Peking opera, in a certain sense, represents concentrated characteristics of traditional Chinese music and culture. Its arias, rhymed dialogues, melodic statements and structure all have their unique and consistent systems. Because the composer has worked as a musician in a Peking Opera troupe, many of his pieces are influenced by his experiences there. The pieces do not have any specific musical material from Peking opera, but is based on its traditional style. In the orchestra and violin solo, the composer strives to derive a new and freer musical language while retaining the character of the earlier style of Chinese drama. The composer remarked, “I hope that the audience listening to the violin solo will think of a Peking opera actress’s aria, and rhymed dialogue, the Peking opera’s fiddle accompaniment, and the orchestra may remind the audience of Peking opera’s sonority and atmosphere”. It was the blood relationship between the new and the traditional as well as the different modes of presentation that inspired the composer to write this piece.
–David Glaser; for NYC Symphony Concert; February 7, 1988
What is Out of Peking Opera?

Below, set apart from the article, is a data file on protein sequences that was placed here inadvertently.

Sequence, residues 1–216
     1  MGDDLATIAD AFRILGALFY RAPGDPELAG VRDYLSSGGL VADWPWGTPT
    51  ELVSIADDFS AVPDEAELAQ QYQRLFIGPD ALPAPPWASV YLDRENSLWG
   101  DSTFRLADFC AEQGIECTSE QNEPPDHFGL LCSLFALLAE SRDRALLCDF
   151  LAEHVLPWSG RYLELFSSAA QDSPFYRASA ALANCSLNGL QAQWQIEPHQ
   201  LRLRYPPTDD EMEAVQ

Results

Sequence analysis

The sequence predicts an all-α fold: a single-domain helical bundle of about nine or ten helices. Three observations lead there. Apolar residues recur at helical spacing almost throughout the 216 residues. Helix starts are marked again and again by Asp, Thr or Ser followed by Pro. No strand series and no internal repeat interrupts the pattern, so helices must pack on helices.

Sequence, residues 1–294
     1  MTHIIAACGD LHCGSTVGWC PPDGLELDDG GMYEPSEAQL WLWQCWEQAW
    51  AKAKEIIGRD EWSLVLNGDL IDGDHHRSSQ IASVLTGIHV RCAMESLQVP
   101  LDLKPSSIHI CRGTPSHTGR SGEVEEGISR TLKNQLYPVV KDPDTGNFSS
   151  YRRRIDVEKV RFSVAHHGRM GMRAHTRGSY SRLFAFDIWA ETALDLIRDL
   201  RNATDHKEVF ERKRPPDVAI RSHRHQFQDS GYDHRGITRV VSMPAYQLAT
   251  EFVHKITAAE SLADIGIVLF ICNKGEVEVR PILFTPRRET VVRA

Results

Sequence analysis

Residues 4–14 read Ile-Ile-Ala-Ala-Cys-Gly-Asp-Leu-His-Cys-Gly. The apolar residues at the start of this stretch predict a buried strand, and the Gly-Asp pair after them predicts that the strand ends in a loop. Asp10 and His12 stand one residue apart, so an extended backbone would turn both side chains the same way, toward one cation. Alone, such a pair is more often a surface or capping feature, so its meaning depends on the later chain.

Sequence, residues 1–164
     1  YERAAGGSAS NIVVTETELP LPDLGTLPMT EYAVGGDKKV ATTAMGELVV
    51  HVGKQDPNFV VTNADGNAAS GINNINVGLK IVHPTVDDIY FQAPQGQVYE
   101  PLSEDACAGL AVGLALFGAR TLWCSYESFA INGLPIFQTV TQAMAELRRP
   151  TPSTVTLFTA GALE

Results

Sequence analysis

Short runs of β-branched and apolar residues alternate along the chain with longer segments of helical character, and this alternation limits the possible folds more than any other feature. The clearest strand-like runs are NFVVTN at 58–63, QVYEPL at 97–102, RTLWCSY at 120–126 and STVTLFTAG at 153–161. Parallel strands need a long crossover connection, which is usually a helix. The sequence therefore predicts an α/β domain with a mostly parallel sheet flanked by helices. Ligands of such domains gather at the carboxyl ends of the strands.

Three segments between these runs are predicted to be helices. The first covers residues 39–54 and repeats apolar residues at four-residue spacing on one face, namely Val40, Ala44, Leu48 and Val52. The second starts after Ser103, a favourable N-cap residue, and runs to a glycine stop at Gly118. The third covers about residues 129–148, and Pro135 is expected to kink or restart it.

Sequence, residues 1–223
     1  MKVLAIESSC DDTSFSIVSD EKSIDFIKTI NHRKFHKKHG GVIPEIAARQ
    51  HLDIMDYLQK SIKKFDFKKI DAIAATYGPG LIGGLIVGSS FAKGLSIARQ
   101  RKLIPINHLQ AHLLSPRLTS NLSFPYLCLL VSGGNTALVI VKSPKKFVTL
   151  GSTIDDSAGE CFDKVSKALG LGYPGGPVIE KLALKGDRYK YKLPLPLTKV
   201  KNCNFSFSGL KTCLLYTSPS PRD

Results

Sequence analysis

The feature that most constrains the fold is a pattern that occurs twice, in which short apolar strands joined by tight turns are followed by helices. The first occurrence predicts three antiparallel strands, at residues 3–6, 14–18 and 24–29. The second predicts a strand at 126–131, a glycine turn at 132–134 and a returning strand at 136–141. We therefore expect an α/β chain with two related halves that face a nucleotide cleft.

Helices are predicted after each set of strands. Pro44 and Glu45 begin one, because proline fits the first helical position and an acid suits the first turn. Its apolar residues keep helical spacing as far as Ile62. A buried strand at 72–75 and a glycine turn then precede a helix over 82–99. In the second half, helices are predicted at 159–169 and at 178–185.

1. The first three bars of this piece are a direct quotation from the ‘jing hu’ fiddling of Peking Opera. This is the seed — it unfolds, becomes increasingly abstract, expressionistic, developing power, beauty, and longing.
2. I began this piece when I first came to New York and left behind the ancient continuity of Chinese society. I saw new things, and began to make connections between my own thoughts and the rest of the world. I felt refreshed, lamenting. I started to see my past more clearly. But I’m still not sure if “out of” means farther away, or closer?
In 1987, Out of Peking Opera was written in ambivalence, confronting serialism, being attracted yet doubting that it was the way for me. A second operation was necessary, and finally in 1994 it was completed and out of my mind.